It is also interesting to note how both Gil and Cobb relate to the filmmakers. Owen Wilson and Leonardo DiCaprio are playing people who are very much ciphers, for director’s Woody Allen and Christopher Nolan. Wilson is very much in the role of a classic “Woody Allen character”, which Allen surely would have played back in his earlier days. There is most likely some personal elements associated with this film as well, given that Allen likes to put himself and his perspectives into his own scripts. Gil is an intellectual persona, with aspirations for a greater and more respected living, while also dealing with his own romantic entanglements. There are of course neurotic elements that can be attributed to who this man is as well, but watching Gil get by on his wits and his genuine curiosity keeps him pushing the story forward and the audience entertained.
DiCaprio’s role as Cobb seems to fit in quite well with the tone of what Nolan has explored in the past. While Cobb’s backstory is shown, his basic demeanor has a notion of outwardly expressed confidence and cool, backed by a level of guilt, but also cold distance, which has been a side effect of many of Nolan’s films (not necessarily in a bad way). Cobb has also shown that he is capable of working in a very large sandbox of ideas within new realities, when need be, just as Nolan has proven his ability to explore his own various sandboxes, when it comes to large scale filmmaking. DiCaprio and Nolan even have similar physical appearances and given that Nolan developed the story and screenplay for Inception himself, it seems apparent that this personal project may have purposefully, or perhaps subconsciously, effected his choice in casting. Almost too bizarrely appropriate, but the fact remains that these ciphers for the filmmakers are clearly being expressed in some capacity on screen.
A key element for me, which was the element in both films that gave me enough inspiration to pursue this idea for an article, is the lovely Marion Cotillard. She is the constant in both films, as her characters (Mal and Adriana) end up performing many of the same actions. Mal and Adriana are both attractive women who have and form a romantic connection with the lead characters. They are also both incredibly intrigued by the notion of exploring the multi-layered subject matter of the film’s broadest description. Mal spends decades with Cobb exploring the manipulation of the subconscious dream environments. Adriana is immediately taken with her visit with Gil to the Golden Age, which she very much admires. Both women end up so intrigued by these realities that they decide to stay, giving up the idea of what true reality is, in favor of pursuing a dream. Given that Inception is the darker of the two films, we also see a consequence for being so enamored by the concept of pursuing a new reality, while only being able to speculate whether Adriana ends up concluding which reality truly is right for her.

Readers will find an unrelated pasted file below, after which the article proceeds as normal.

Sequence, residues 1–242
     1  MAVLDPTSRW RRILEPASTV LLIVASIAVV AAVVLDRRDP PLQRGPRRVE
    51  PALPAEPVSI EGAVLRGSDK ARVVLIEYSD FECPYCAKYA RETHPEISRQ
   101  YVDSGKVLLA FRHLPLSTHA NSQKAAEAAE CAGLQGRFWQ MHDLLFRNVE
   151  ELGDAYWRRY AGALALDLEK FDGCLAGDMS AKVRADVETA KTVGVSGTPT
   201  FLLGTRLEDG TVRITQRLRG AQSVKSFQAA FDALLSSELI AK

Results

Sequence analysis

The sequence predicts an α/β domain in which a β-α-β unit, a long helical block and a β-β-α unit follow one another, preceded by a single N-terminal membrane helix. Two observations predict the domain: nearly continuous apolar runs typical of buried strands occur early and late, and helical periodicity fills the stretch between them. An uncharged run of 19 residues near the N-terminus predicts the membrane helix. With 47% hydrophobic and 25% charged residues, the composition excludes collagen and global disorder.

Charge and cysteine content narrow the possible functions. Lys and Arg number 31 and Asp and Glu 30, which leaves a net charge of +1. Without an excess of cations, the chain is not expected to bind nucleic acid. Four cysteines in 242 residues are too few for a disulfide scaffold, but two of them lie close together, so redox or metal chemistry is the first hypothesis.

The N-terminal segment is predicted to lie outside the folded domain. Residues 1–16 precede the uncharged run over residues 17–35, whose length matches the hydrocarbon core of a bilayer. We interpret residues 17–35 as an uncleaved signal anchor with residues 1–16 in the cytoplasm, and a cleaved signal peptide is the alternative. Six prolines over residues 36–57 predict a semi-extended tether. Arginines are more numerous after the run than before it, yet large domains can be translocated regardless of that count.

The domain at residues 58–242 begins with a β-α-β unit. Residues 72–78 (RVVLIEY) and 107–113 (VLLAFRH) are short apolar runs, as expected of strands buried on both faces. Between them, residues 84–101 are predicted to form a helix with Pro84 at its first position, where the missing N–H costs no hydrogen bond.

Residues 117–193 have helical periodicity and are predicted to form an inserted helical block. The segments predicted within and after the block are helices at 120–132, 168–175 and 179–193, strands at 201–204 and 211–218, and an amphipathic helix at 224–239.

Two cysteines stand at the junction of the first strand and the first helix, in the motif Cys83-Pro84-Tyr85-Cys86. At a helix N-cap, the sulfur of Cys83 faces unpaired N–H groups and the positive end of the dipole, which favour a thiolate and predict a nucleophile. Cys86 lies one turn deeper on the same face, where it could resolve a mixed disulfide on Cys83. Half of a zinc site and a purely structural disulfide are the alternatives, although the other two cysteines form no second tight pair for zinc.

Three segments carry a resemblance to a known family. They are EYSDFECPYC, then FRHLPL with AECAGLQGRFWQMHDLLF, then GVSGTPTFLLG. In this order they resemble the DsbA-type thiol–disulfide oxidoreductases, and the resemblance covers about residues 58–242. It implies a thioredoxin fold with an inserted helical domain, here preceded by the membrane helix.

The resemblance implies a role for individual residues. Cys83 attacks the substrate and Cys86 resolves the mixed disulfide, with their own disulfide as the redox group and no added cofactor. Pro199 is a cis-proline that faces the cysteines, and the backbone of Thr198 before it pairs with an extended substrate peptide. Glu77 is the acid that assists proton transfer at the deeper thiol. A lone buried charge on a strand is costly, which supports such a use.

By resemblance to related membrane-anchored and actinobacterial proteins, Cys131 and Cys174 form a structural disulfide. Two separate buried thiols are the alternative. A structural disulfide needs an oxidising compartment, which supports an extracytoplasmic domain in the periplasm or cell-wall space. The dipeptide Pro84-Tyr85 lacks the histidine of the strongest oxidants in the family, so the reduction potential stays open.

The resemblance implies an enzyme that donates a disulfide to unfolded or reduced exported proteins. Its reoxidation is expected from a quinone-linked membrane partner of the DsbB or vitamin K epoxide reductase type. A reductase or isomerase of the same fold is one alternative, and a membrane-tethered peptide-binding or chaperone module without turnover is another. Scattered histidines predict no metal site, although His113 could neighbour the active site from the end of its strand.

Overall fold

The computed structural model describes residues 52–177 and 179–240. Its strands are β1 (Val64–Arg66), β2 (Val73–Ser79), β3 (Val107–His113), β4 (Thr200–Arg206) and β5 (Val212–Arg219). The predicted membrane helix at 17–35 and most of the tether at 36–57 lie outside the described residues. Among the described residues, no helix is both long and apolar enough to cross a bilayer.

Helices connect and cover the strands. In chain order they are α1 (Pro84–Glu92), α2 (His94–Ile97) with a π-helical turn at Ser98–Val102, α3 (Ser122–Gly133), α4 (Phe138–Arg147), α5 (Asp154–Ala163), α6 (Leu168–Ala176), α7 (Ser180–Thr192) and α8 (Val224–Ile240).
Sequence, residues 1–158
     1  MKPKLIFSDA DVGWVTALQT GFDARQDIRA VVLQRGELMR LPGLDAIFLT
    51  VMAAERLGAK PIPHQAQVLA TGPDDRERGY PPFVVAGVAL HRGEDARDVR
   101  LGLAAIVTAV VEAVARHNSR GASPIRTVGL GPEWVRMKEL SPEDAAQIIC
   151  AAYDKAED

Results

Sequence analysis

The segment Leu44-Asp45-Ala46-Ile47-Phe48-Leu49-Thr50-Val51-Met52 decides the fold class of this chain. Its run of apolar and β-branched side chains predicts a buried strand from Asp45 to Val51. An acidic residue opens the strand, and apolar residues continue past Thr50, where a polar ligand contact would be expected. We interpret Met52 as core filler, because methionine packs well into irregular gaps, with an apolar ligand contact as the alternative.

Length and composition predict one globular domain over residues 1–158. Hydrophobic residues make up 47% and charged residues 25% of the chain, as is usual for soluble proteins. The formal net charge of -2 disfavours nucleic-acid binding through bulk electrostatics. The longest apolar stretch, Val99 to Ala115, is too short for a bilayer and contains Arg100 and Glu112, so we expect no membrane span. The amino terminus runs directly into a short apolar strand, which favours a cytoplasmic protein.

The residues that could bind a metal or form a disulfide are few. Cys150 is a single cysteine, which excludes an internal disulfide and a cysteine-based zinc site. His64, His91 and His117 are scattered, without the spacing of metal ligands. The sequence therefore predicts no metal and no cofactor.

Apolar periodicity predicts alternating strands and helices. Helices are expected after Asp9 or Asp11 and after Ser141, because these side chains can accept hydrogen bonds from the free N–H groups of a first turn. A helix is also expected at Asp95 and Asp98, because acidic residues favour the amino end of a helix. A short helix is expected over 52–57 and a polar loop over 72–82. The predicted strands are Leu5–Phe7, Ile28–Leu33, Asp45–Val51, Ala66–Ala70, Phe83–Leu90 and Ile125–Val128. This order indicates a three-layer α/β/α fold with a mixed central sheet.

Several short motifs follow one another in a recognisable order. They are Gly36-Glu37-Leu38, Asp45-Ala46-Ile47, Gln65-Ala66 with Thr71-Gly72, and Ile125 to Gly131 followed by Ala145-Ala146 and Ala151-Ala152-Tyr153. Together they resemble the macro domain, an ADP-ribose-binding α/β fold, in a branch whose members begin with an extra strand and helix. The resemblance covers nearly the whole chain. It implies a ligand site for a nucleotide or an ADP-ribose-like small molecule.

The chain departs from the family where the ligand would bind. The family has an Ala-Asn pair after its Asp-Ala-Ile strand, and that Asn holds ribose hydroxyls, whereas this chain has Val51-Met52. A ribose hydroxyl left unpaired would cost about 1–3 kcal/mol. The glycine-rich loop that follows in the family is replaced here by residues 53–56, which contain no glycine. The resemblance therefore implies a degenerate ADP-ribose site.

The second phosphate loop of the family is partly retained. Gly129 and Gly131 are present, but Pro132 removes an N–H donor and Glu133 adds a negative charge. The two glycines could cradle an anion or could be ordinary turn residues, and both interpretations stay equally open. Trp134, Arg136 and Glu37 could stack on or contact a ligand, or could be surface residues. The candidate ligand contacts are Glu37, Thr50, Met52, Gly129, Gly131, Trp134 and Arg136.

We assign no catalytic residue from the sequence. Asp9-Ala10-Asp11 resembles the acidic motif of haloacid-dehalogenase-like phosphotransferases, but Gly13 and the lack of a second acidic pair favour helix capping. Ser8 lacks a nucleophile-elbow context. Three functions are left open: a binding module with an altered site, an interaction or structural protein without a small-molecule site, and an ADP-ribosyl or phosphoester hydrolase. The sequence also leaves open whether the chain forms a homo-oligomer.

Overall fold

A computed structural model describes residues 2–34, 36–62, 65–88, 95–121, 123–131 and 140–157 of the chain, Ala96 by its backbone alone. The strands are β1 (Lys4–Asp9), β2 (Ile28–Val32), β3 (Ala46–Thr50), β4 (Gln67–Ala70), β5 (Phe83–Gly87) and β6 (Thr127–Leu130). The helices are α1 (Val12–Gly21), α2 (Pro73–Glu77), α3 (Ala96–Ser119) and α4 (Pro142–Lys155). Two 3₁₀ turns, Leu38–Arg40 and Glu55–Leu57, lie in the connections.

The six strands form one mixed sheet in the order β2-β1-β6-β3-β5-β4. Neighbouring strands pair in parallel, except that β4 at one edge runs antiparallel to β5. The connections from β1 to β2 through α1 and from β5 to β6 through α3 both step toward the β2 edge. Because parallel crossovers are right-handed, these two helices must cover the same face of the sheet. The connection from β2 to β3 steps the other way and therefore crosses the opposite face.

These women also prove to be a distraction to both lead characters as well. For Cobb, this is very much an issue, given that Mal is literally a malicious force that effects his ability to function properly. For Gil, Adriana is a challenge for him, as he deals with his true thoughts in regards to his own fiancée, Inez (Rachel McAdams). Adriana also proves to be one who clouds his mind from what remaining back in time would ultimately mean. Despite the allure of Cotillard in both of these roles, Cobb and Gil ultimately make a decision to resolve their situations.
Gil: Adriana, if you stay here though, and this becomes your present then pretty soon you'll start imagining another time was really your... You know, was really the golden time. Yeah, that's what the present is. It's a little unsatisfying because life's a little unsatisfying.
Adriana: That's the problem with writers. You are so full of words.
The effects of involving themselves in deeper levels of realities lead Gil and Cobb to similar conclusions. Both characters eventually come to the realization that it is best for them to reject the idea of staying within their dream environments. There is a mixed level of disaster for Gil and Cobb because of this. Gil loses his fiancée, who cheats on him during the whole experience, in favor of remaining in Paris. Cobb loses his wife, who commits suicide, and is forced to go on the run. Both men, however, also manage to achieve a certainty they wanted all along. Gil allows himself to appreciate nostalgia and modernism, but ultimately stays in Paris, within his own time and relates to others with a shared interest, picking up a new love interest in the process. Cobb manages to achieve the goal of seeing the faces of his children, after accomplishing the mission with his team, and safely retrieving his employer in the process (there is ambiguity in regards to the actual reality Cobb is within, in the film’s finale, but that’s another story).
Both films managed to be incredibly successfully, even with some odds against them. Inception was a $200 million passion project, which could have fallen flat with audiences. Midnight in Paris was another low-key release from Woody Allen, who releases a film every year, with some arguing that his best years are behind him. Despite possible setbacks, both films were embraced by critics and audiences, proving to be strong successes where it counted, including high box office grosses (‘Midnight’ is currently Allen’s highest grossing film, while Inception was a blockbuster success worldwide) and the recipients of many award accolades, such as Oscar nominations and awards.
The idea of matching these two films to each other has been something I have had the desire to do since June of 2011. Watching Midnight in Paris and having various realizations about its similarities to Inception was very intriguing to say the least. Being that both of these are films I admire very much, it was something I had the desire to pursue further. Even if one were to have their share of issues with either of these films, I would find it hard to believe that they could not at least acknowledge that these films do share a lot more in common than they would expect at first glance. Regardless, I would not expect this to go down as a great cinematic find or even one that begs further comparison years down the road. However, I can only hope the level of joy I had in further exploring these two films, is reflected in my prose. I may not have trained in subconscious manipulation or received input from Ernest Hemingway and Gertrude Stein, but I did at least strive for something that did not result in me getting too lost in an idea; instead keeping my own reality interesting with a fun diversion.